Background: With today's emphasis on reducing costs and increasing efficiency, primary care physicians are under pressure to increase patient volume. This study was undertaken to (1) identify factors associated with differences in physician volume, and (2) test for differences in selected clinical outcomes and time use during patient visits.
Methods: Research nurses directly observed consecutive patient visits during 2 separate days in the offices of 108 community family physicians. Data on the content of 3893 outpatient visits were collected using direct observation, patient and physician questionnaires, and medical record review. Physicians with high-, medium-, and low-volume practices were compared in the rates of preventive services delivery, patient satisfaction, and time use during patient visits as measured with the Davis Observation Code.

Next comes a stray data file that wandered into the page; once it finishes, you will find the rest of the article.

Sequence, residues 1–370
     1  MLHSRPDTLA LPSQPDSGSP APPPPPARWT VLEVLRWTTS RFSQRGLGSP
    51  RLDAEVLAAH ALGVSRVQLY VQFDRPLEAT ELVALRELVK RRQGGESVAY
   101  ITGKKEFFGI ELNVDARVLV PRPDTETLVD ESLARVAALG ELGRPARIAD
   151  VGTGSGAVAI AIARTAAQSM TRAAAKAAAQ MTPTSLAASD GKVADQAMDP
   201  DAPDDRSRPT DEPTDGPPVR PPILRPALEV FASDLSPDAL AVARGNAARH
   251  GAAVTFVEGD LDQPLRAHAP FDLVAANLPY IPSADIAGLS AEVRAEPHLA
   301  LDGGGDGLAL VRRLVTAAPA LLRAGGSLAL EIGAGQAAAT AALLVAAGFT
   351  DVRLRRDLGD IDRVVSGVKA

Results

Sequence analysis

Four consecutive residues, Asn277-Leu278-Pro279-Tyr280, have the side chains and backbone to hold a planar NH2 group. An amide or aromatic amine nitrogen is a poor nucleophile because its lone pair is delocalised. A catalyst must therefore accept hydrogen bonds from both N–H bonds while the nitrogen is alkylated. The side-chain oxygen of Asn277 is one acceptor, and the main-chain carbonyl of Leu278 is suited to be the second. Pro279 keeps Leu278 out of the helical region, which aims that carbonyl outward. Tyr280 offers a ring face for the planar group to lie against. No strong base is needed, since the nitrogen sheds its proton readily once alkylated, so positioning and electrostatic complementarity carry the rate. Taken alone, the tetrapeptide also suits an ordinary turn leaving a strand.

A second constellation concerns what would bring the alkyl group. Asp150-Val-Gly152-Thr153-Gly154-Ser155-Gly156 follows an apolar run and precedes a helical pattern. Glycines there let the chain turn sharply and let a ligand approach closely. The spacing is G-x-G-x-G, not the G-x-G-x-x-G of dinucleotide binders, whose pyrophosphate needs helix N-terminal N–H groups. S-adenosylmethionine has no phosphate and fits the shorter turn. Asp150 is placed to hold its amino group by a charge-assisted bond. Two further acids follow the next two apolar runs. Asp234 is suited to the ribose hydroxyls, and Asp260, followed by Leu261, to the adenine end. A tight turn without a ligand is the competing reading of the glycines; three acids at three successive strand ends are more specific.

Results: High-volume physicians had visits that were 30% shorter, scheduled one third fewer patients for well care, and were more likely to own their practice and to be male than were low-volume physicians. Time use during patient visits was remarkably similar for high- and low-volume physicians. However, after controlling for relevant patient characteristics, patients of high-volume physicians had lower up-to-date rates of preventive services and scored lower on measures of satisfaction and the doctor-patient relationship.
Conclusions: Physicians with high-volume practices are more efficient than those with low-volume practices in providing similar services in a shorter amount of time. This greater apparent efficiency may come at a cost of lower rates of preventive services delivery, lower patient satisfaction, and a less positive doctor-patient relationship. Health care plans and physicians setting productivity goals should consider the trade-offs inherent in high-volume practice.